"I'm feeling disappointed," Friberg said.

Final results and payout
Name Prize
1. Jamie Gold $12,000,000
2. Paul Wasicka $6,102,499
3. Michael Binger $4,123,310
4. Allen Cunningham $3,628,513
5. Rhett Butler $3,216,182
6. Richard Lee $2,803,851
7. Doug Kim $2,391,520
8. Erik Friberg $1,979,189
9. Dan Nassif $1,566,858

Dan Nassif, a 33-year-old newspaper ad sales executive from St. Louis, busted out in the first 20 minutes of final play when he went all-in with an ace and king and a plain-looking board of five, three and two. Gold was holding pocket twos, giving him a killer three-of-a-kind.

Nassif jokingly apologized "to everyone back home who ordered the pay-per-view" after his short final table run to finish ninth. He said he would return to his job, despite going home with $1.56 million.

"It's been a great experience, it's been a wild ride," he said.

Doug Kim, a 22-year-old recent Duke University graduate from Martsdale, N.Y., went out in seventh when he pushed all in with about 4 million in chips holding pocket nines and a flop of three, four, four. But Wasicka had him covered with pocket queens.

"I thought this was as good a spot as any to stick it in there," said Kim, who finished with a $2.39 million payday. "I'm satisfied with my play. I have no regrets."

Gold's third victim of the final table was 55-year-old retired San Antonio businessman Richard Lee, who Gold had been reraising all night.

Just calling the big blind, or limping, with pocket queens, Gold watched as Lee raised to 1.2 million. Gold set the trap by reraising to 4 million and Lee, holding pocket jacks, went all-in for twice that amount, which Gold called instantly. Lee busted out in sixth for a payday of $2.8 million.

A gracious Lee denied the bluff set him up for a fall. "I knew he had some kind of a hand; I just didn't give him credit for that big of a hand."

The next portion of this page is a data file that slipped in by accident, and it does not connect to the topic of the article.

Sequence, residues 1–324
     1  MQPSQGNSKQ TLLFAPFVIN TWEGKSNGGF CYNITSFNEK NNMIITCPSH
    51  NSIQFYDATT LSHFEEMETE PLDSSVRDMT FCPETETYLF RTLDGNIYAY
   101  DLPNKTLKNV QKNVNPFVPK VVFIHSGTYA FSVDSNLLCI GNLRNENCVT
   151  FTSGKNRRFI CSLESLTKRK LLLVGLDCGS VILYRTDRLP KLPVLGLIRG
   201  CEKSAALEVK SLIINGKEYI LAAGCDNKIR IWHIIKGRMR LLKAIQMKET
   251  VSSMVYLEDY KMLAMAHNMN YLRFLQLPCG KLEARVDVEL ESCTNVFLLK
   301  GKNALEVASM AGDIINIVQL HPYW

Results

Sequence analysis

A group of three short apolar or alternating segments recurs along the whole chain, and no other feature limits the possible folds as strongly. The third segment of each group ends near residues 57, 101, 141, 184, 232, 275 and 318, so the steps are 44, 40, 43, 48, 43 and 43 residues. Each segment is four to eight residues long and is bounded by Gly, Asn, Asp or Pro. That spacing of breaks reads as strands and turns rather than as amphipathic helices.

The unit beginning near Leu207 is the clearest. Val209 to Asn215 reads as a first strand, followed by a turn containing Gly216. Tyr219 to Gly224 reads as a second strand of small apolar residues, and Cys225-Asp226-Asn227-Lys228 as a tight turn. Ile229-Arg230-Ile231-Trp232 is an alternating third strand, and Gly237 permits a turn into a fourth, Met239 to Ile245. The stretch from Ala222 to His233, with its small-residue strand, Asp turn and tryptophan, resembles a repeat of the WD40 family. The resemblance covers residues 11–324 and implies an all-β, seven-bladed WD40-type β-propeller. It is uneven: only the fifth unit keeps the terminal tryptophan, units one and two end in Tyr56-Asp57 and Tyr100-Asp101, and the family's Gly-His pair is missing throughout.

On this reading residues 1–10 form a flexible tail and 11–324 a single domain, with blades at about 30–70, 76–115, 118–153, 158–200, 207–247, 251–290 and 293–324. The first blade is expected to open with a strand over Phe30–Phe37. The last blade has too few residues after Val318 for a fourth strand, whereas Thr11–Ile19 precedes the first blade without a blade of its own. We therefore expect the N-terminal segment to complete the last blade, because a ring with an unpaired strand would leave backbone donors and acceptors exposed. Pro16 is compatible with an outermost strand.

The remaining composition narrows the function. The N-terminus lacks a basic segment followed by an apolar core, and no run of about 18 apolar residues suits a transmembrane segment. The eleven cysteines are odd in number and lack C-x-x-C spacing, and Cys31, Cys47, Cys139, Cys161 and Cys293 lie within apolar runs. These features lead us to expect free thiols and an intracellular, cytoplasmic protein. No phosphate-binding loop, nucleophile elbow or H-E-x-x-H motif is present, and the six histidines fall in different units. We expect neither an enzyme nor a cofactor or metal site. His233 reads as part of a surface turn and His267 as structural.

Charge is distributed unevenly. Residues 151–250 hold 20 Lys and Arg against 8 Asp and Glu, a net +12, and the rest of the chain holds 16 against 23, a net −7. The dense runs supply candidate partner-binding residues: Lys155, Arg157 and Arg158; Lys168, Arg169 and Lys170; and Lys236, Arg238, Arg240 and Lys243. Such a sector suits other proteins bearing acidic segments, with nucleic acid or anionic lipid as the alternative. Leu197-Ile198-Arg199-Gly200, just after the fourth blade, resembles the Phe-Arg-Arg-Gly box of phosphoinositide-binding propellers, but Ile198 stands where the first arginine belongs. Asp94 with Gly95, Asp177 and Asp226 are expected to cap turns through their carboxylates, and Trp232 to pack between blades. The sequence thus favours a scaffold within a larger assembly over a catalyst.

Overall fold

Later, Rhett Butler, a 45-year-old insurance agent from Rockville, Md., busted out in fifth for a $3.22 million payday when he moved all-in with pocket fours. Gold called with a king and jack and caught a jack on the board for a higher pair.

Even tournament pro Allen Cunningham, 29, of Las Vegas, fell in fourth with pocket 10s as Gold's king and jack made a pair of jacks on the board. The pro earned $3.62 million.

Michael Binger, a 29-year-old from Atherton, Calif., with a Ph.D. in physics from Stanford, was wiped out in third, for $4.12 million. Gold called an all-in bet holding an unsuited three and four and made a straight on the turn.

Even Gold's mentor, poker legend Johnny Chan, was amazed.

"He single-handedly knocked out seven out of eight players. That's pretty impressive," he said. "I've never seen it before. This is the first time in final table history."

Gold said he would share the money with friends and supporters and give the rest to help his father, who has Lou Gehrig's disease.

When the lights went up and play was over, Gold flipped open his cell phone and called home as the cameras rolled.

"Hi Dad, it's Jamie, are you there? I just won."


Copyright 2006 by The Associated Press